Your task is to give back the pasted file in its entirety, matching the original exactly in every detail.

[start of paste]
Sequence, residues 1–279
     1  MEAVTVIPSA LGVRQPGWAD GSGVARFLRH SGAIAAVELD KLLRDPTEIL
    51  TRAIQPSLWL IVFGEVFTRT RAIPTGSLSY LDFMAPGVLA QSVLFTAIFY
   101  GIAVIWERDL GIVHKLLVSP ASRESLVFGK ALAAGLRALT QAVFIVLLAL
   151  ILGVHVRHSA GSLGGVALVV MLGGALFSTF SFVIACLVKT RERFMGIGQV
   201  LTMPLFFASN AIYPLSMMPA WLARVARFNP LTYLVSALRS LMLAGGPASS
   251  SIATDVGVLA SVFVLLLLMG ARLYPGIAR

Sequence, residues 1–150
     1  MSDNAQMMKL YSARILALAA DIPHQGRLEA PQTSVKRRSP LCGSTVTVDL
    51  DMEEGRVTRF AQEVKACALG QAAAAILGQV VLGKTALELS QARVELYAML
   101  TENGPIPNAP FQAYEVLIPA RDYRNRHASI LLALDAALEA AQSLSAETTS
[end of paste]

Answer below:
Sequence, residues 1–279
     1  MEAVTVIPSA LGVRQPGWAD GSGVARFLRH SGAIAAVELD KLLRDPTEIL
    51  TRAIQPSLWL IVFGEVFTRT RAIPTGSLSY LDFMAPGVLA QSVLFTAIFY
   101  GIAVIWERDL GIVHKLLVSP ASRESLVFGK ALAAGLRALT QAVFIVLLAL
   151  ILGVHVRHSA GSLGGVALVV MLGGALFSTF SFVIACLVKT RERFMGIGQV
   201  LTMPLFFASN AIYPLSMMPA WLARVARFNP LTYLVSALRS LMLAGGPASS
   251  SIATDVGVLA SVFVLLLLMG ARLYPGIAR

Sequence, residues 1–150
     1  MSDNAQMMKL YSARILALAA DIPHQGRLEA PQTSVKRRSP LCGSTVTVDL
    51  DMEEGRVTRF AQEVKACALG QAAAAILGQV VLGKTALELS QARVELYAML
   101  TENGPIPNAP FQAYEVLIPA RDYRNRHASI LLALDAALEA AQSLSAETTS